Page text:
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First Aid for Splints & Bleeding Wounds : How to Apply Direct Pressure to Bleeding


My name is Alv Rios and I am a paramedic with
Lansing Mercy Ambulance on behalf of Expert Village. In this clip we are going to go over
direct pressure. It’s your first defense against any type of bleed that you need to control.
First thing you want to do is you want to take a gloved hand and immediately cover the
wound. When you are doing this you are pressing very firmly in hopes of stopping the blood
flow. What you are doing by putting the gloved hand on it this is just a temporary solution
until another person can come and actually bring you something to help start absorb some
of the blood. It normally takes anywhere from six to eight minutes for the blood to start
to form a clot. This time obviously varies to less time if the cut is very small and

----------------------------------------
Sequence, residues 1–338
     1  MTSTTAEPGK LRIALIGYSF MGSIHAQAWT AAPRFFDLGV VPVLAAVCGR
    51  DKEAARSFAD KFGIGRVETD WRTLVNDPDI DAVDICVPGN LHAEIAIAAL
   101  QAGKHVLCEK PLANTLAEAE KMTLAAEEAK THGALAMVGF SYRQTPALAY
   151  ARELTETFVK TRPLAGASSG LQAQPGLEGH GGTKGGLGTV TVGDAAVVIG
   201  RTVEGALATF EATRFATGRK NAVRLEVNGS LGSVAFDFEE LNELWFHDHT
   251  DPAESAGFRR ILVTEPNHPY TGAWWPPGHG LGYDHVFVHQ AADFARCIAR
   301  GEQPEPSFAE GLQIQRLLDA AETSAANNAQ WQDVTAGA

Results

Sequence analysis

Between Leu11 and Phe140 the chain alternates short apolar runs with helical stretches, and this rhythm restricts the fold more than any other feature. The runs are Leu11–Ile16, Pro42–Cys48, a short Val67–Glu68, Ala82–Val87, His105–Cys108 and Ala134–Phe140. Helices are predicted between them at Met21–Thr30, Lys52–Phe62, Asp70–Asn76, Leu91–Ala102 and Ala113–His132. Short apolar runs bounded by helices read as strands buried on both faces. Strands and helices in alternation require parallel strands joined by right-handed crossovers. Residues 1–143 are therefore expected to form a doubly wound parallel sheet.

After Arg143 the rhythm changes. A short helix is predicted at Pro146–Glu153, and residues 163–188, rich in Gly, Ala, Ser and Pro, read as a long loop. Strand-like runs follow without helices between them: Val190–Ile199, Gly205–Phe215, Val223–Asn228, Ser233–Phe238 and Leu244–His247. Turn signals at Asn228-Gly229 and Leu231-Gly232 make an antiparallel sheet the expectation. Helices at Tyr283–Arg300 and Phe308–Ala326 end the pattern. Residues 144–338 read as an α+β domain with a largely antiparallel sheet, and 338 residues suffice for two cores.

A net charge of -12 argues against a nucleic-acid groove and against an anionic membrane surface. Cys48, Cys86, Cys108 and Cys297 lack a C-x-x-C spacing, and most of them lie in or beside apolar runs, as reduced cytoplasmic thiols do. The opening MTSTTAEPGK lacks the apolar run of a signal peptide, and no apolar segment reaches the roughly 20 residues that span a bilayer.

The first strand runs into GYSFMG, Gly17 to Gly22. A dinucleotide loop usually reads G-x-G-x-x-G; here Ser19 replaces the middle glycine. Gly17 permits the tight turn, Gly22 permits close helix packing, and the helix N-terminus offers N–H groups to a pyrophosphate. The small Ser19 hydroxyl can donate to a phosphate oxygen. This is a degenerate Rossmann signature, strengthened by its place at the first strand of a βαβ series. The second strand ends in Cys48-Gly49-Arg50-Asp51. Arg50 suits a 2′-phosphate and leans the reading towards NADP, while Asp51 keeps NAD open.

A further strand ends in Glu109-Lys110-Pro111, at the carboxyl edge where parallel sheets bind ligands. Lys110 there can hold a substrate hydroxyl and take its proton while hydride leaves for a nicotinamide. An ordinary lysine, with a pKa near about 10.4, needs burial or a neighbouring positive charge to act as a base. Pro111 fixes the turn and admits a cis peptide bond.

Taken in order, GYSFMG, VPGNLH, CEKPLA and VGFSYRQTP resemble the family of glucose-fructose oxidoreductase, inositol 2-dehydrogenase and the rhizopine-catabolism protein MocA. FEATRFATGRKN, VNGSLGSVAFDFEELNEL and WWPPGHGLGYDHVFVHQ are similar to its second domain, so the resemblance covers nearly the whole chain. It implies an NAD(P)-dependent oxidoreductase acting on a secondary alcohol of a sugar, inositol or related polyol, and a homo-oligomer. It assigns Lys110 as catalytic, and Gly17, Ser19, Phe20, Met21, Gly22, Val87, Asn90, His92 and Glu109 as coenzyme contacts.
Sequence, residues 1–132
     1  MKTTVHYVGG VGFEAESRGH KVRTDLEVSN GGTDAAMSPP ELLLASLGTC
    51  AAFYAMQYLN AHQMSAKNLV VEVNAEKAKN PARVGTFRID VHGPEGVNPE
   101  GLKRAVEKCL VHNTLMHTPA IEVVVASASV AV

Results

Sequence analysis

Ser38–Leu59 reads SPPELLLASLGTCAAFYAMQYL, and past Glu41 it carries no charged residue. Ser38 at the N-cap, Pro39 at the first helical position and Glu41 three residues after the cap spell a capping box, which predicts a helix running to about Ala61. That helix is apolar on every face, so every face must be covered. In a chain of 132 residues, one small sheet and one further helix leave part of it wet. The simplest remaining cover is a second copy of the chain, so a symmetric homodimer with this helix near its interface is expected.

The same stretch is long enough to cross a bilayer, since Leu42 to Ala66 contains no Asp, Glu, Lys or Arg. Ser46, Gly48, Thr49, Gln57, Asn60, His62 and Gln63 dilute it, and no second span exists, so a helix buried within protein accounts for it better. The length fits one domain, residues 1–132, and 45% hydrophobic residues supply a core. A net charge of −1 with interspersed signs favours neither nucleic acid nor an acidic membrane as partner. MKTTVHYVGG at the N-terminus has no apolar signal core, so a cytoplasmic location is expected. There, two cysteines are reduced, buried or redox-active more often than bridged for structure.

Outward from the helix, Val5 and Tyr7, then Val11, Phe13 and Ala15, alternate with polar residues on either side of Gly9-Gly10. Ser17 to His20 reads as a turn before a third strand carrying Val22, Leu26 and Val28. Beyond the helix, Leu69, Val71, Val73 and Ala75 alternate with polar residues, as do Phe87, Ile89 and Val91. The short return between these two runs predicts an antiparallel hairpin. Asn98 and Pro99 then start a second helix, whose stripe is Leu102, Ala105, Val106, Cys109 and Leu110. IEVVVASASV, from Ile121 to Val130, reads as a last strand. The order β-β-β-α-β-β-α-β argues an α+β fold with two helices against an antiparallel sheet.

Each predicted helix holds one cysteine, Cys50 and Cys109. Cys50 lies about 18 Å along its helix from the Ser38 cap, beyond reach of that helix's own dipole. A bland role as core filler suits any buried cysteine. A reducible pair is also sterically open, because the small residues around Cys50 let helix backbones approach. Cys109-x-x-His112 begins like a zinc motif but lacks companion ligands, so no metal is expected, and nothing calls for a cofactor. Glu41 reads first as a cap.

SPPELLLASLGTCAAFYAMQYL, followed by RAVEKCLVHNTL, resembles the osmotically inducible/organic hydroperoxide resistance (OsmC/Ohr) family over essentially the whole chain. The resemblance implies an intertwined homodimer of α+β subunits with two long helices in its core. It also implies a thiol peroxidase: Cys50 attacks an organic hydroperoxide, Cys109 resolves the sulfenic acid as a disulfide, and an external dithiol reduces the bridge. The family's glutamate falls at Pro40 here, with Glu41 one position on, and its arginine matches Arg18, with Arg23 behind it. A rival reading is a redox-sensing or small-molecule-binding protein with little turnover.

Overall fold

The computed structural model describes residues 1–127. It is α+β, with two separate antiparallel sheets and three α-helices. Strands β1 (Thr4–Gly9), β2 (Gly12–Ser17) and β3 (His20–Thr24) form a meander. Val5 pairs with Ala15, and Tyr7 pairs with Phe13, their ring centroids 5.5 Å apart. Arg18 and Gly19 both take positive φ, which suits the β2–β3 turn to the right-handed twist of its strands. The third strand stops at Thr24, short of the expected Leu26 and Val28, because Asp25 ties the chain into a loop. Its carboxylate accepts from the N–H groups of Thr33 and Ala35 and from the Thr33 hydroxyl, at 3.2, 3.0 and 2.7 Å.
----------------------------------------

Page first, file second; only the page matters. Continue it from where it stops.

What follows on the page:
it can be a lot longer if the cut is severe. Once you have the direct pressure what you
want to do is some how have someone to hand you some sort of this is called a dressing.
Different than a bandage a dressing covers a wound a bandage will hold in place. You
are now holding down direct pressure. If this doesn’t work what you want to do is elevate
the extremity. Once you have it elevated above the heart this is going to slow down blood
flow strictly by gravity. If that doesn’t work while still maintaining elevation and
direct pressure you then need to have someone come up and do a pressure point to cut off
the arteries blood flow to the limb or you can tie a dressing around this to hold pressure
while you do the artery. These also come in things such as sterile dressings. What this
is it’s the exact same thing but it comes in a sterile dressing where this is completely
sterile. This can go over a fracture site where the bone needs to be covered and protected.
And they come in various sizes. This is a four by four which works for most small cuts
and they come anywhere up to a size of an eight by ten and even large trauma sheets
which are about the size of a normal sheet for a twin size bed.

2 thoughts on “First Aid for Splints & Bleeding Wounds : How to Apply Direct Pressure to Bleeding

  1. Can I ask why not above the wound area? I mean… isn't this also increasing the blood flow, as you said in the tourniquet video?

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